Possible different method of Frame generation

I was thinking of a new method of frame generation.

The method is rending at full resolution 5 to 10 FPS and then rendering the in between frames at a lower resolution (example: 360p) then getting the DLSS to use the full renders as a reference to apply sharpness, supersampling and whatnot to the in between frames.

So for example: 120 FPS 1080p, 10 FPS full resoluton mode, frame 1 is full resolution render, then frames 2-12 are rendered at 360p, then using a variant of DLSS to use the 1st full resolution frame a reference then getting it to upsample frames 2-12 and compensating for the differences and tries to apply sharpness and detail as best it can with the differences of each frame in mind based on frame 1. Then repeat for the rest of the frames in the second.
This could make the lower resolution frames look simular to the full resolution frames.

If using higher Full Frames like 20 FPS then have 5 in between frames. or Full resolution 1 FPS then 119 in between Frames. I’m Pretty sure I more or less explain it correctly.

It should work for still movement, but when the camera moves it will probably have issues on the edges in the direction the camera moves. Same will happen if something comes into frame from the sides or abruptly on the in between frames. It also varies on speed the camera moves, more pixelation issues the faster it moves. This more likely to occur the lower the Full resolution FPS is and by a certain percentage the resolution of the in between frames.

Reccommened adjustment options. Full resolution FPS: 1,5,10, 30 FPS, or whatever best matches the intended total locked FPS.
In between FPS resolution frame rate, and Resolution options ranging from 144p to anything around half full resolution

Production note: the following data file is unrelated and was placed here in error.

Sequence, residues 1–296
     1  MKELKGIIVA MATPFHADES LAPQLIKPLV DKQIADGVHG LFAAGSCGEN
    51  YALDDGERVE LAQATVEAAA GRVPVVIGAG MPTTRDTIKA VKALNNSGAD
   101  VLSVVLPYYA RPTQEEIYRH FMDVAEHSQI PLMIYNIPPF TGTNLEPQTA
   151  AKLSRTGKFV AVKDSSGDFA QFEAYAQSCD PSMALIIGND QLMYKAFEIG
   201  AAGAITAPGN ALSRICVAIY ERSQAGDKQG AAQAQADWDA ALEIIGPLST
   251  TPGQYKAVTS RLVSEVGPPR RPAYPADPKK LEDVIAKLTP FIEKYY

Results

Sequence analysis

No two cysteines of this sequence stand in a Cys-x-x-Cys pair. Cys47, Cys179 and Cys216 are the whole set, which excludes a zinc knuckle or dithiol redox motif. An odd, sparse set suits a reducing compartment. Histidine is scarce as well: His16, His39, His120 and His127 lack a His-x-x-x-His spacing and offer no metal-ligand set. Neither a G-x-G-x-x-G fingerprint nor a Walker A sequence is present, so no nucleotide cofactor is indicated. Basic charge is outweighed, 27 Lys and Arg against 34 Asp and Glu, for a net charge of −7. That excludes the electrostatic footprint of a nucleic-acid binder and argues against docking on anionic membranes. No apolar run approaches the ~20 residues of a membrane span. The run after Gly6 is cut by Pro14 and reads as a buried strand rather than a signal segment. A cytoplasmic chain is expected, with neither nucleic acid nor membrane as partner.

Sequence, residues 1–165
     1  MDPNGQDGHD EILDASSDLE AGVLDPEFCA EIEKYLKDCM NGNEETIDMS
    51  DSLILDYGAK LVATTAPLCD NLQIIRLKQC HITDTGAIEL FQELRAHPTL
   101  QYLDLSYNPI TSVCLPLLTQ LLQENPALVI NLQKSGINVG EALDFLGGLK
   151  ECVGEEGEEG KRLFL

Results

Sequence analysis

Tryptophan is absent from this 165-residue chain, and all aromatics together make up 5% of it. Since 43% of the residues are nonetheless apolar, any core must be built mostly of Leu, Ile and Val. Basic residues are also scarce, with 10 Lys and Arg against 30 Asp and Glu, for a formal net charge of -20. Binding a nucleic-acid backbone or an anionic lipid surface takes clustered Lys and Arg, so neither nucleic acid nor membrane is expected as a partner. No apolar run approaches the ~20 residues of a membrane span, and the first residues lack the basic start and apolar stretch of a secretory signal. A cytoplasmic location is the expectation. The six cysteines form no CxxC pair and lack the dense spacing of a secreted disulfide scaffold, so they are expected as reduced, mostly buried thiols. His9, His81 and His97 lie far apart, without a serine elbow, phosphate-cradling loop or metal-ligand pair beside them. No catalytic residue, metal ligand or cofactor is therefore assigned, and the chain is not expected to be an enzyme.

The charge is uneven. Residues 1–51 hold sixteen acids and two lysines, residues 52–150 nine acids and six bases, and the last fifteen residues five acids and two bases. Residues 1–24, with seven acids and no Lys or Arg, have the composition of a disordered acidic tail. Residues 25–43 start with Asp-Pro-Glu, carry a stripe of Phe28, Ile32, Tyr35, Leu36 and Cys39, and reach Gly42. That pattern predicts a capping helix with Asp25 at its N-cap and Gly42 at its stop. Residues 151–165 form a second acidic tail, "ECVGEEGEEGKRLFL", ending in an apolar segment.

Hello @jayman1243 and welcome to the NVIDIA developer forums.

The DLSS super resolution models used are based on generic training on huge amounts of data from all kind of gaming content. It is not specifically trained on the single game it is used in. In that sense your approach of using full-size reference frames to apply DLSS would not work. You would rather need to do some form of real-time fine-tuning of the model, which of course would be too costly in terms of performance.

That leaves regular computer vision algorithms to create the interpolated, up-scaled frames. That again is expensive and as experiments have shown, not as good quality wise as the normal DLSS-SR algorithm.

For actual frame generation, meaning creating a frame directly from the reference frame, that is a different story. The models again are based on stable diffusion, GANs or similar and trained off-line, but inference takes the upscaled (with DLSS) reference frame and motion vectors and creates new content based on that at that resolution. In a sense this would be your case of 60fps at 360p upscaled and frame generated to 120fps 1080p. Although 360p is really low value.

The VP of applied research gave a nice explanation of DLSS 3 features that explain this quite nicely.

Please, keep these ideas coming, it is great to see such interest and innovative thinking!